Should “Stand Your Ground” Laws Apply to Domestic Abuse Cases?

Thursday, October 16, 2014
Whitlee Jones in police mug shot

Prosecutors in South Carolina have argued that the state’s “stand your ground law” does not apply to victims of domestic violence who kill their attacker.

 

The case of Whitlee Jones has garnered national attention following attempts to prosecute her for stabbing her boyfriend to death.

 

Eric Lee was seen by witnesses pulling Jones down the street by her hair before he later blocked her attempt to flee their residence. Jones’ attorney claims she attacked Lee with a knife only as a last resort, and that the state’s stand-your-ground law (the Protection of Persons and Property Act) protects her from prosecution. A judge agreed with Jones.

 

But the state appealed the ruling, insisting the law was never intended to apply to people involved in domestic violence.

 

“(The Legislature’s) intent ... was to provide law-abiding citizens greater protections from external threats in the form of intruders and attackers,” Assistant Solicitor Culver Kidd, the case’s lead prosecutor, told The Post and Courier. “We believe that applying the statute so that its reach into our homes and personal relationships is inconsistent with (its) wording and intent.”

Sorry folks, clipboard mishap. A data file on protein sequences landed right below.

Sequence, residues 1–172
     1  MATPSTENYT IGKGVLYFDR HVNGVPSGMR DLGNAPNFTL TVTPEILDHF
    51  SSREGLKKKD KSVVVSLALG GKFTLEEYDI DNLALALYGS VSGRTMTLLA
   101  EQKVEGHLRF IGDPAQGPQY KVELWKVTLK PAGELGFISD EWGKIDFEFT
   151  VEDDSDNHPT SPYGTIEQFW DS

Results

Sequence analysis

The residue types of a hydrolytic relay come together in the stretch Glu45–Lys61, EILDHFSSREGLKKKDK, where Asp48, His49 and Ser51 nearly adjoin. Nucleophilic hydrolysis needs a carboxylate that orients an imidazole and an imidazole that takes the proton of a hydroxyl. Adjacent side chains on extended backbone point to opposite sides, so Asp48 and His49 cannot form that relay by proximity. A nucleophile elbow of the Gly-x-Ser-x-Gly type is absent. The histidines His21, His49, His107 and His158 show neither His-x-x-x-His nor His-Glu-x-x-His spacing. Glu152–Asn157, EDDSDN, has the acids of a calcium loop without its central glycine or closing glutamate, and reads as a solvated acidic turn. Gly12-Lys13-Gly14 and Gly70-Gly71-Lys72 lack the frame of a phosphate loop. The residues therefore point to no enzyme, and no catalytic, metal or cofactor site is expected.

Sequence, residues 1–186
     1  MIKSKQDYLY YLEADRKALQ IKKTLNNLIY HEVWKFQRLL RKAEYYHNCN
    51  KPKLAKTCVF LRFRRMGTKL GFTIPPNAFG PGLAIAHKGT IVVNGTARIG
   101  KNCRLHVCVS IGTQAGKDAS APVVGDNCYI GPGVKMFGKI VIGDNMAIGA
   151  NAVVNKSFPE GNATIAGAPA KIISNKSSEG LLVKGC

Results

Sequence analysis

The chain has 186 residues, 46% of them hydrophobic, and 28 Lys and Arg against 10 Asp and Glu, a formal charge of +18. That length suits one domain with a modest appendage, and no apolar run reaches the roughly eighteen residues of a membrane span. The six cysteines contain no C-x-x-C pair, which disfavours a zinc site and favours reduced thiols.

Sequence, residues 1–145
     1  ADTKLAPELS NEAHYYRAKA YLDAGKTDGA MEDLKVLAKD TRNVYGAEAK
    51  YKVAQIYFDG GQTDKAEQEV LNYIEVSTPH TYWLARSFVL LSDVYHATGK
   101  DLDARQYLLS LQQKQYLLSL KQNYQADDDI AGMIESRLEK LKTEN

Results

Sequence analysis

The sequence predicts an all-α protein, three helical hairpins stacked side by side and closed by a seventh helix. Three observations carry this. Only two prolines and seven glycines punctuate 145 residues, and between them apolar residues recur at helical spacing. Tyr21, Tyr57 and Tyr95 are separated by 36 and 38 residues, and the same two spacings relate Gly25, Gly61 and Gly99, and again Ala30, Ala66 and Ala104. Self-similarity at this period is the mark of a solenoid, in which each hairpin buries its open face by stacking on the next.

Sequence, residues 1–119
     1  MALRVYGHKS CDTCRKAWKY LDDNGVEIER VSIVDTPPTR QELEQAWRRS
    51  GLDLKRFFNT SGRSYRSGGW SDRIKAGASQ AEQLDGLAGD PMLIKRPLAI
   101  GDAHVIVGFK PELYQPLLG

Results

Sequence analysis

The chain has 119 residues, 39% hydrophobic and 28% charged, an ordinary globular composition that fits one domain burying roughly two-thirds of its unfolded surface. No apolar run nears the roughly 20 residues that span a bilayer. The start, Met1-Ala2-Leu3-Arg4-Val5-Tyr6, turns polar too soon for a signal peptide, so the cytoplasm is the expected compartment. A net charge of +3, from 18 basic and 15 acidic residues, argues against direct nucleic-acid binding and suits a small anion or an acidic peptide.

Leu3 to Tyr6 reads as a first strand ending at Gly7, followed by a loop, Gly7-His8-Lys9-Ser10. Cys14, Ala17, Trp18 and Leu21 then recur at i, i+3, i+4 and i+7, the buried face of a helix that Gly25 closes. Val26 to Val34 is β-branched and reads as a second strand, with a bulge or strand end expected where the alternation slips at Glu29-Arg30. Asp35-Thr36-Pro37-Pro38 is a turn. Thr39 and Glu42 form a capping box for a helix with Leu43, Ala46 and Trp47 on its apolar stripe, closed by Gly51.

However, the legislator who introduced the law is pretty clear on the intent. Republican Rep. Murrell Smith told The Post and Courier that the legislature didn’t discuss domestic violence when considering the bill, “but in the end,” Smith said, “our purpose was that if you’re presented with a perilous situation, you’ve got the right to use force.”

 

Kidd and Solicitor Scarlett Wilson have asked state lawmakers to clarify the law to prevent defendants who attack those engaging in domestic violence from employing the law as part of their defense.

-Noel Brinkerhoff

 

To Learn More:

Charleston Prosecutors Challenge Use of ‘Stand Your Ground’ Law in Domestic Disputes at Home (by Andrew Knapp, Post and Courier)

South Carolina Prosecutors Say Stand Your Ground Doesn’t Apply To Victims Of Domestic Violence (by Nicole Flatow, ThinkProgress)

Defendants who Claim Stand Your Ground Defense more likely to Win if Victim is Black (by Steve Straehley, AllGov)

Recent “Stand Your Ground” Laws Extend Justifiable Home Protection Violence into the Streets (by David Wallechinsky and Noel Brinkerhoff, AllGov)

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